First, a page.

This R&I days' session “IP and licensing: Knowledge sharing for best practice and efficiency” looked into important aspects such as "to publish or to perish" dilemma, exploitation strategies of collaborative R&I projects and how to protect your software through patents.
Three top IP and licensing experts joined the session and delivered a lecture on a specific topic:
- Spela Stres, Center for technology transfer and innovation (CTT), Jožef Stefan Institute, Slovenia, discussed the issues of patenting in view of the decision-making process of the "to publish or to perish" dilemma, commonly met by researchers worldwide. For them it may be crucial to know whether patenting is the best way to go or not: being patenting rather expensive, a careful evaluation of the return on investment should be seriously taken in account.Other possibilities of protecting IP are indeed available, such as trademark, copyright, trade secret and others, as well as other types of agreements with the industry such as Non-Disclosure, Development Collaboration Agreement and IP licensing Agreement.To navigate in a such confusing and complex reality, researchers can also seek advice from technology transfer offices (like ASTP), IPR Helpdesk (free of charge service funded by the EC), Enterprise Europe Network, European and National offices and patent attorneys, specialised on consulting on the above-mentioned solutions.
- Jörg Scherer, co-ordinator of European IP Helpdesk, European Research and Project Office addressed the most common exploitation strategies in a collaborative R&I project environment, with a particular focus on technology licensing. A crucial preliminary point is the difference between the IP (Intellectual Property) and IPR (Intellectual Property Rights), the first dealing with the key assets resulting from the project, the latter with the tools to support commercial exploitation of the same assets. Always on a preliminary note, one of the main issues in collaborative research projects is the ownership of results, which can be been jointly developed by several participants. Therefore, the members of the consortium should have a deal on who should be the owner of the results and who should exploit them. Project results are valuable assets, which can be used and traded, but unlike physical property there are many more ways of extracting value such as a start-up, spin-out, new company but also licensing. Having a clearly defined exploitation strategy is a necessary condition to get closer to the market and convince the investors about the benefits of the technology. There are many services offered by the IP Helpdesk such as trainings, helpline, publications and similar tools which can help researchers to properly establish a successful strategy to protect any Intellectual Property.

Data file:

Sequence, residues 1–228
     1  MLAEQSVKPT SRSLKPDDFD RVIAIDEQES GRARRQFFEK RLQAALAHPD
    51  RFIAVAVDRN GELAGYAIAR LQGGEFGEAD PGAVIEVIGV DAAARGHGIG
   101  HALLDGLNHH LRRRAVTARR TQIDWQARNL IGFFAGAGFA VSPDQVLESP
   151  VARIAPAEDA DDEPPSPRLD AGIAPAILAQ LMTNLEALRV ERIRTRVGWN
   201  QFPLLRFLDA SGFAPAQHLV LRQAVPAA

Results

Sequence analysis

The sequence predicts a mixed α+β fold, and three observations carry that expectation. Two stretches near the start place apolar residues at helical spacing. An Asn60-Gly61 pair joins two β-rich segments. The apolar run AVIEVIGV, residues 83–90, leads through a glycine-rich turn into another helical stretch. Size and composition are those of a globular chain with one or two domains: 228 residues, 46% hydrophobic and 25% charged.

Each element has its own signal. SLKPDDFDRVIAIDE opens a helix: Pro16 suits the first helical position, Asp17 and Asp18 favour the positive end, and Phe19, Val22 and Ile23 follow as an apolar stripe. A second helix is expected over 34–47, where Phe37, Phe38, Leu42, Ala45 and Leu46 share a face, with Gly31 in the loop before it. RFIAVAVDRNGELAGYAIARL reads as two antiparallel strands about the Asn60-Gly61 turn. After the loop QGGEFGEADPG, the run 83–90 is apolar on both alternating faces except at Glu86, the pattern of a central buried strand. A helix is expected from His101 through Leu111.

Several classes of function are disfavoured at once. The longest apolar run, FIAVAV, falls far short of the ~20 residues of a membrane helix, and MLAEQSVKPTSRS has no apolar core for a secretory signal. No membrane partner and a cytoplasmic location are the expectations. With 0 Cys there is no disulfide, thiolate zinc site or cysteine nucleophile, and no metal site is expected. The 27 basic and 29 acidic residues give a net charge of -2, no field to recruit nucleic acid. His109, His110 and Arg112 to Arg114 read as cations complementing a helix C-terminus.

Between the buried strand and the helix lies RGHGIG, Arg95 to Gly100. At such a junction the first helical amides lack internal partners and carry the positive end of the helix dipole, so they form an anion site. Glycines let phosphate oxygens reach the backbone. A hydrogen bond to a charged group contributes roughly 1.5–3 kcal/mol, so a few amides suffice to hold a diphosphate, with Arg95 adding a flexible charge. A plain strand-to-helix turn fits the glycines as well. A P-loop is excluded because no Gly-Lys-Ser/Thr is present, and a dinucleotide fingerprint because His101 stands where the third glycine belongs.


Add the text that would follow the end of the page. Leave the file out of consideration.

- According to Sheron Shamuilia, Policy officer – Joint Research Centre, Intellectual Property and Technology Transfer, selecting the optimal model for licensing software is fundamental in order to drive business, encourage innovation and protect Intellectual Property. The owner of the software has several degrees of freedom to decide on how to license the software. The decision should be taken with the goal of matching the requirements of a specific case with one of the three main software licensing models: proprietary licensing, open source licensing and dual licensing. Furthermore, the idea of setting up an IP strategy should consider the following questions: What do you want to protect? How do you want to protect it? What about exploitation and enforcement?One starting point is to consider combining a cluster of IPRs, with technical protections means if possible and building an IP strategy in function of your business model.
For more information, please see the recorded session, and presentations of the experts.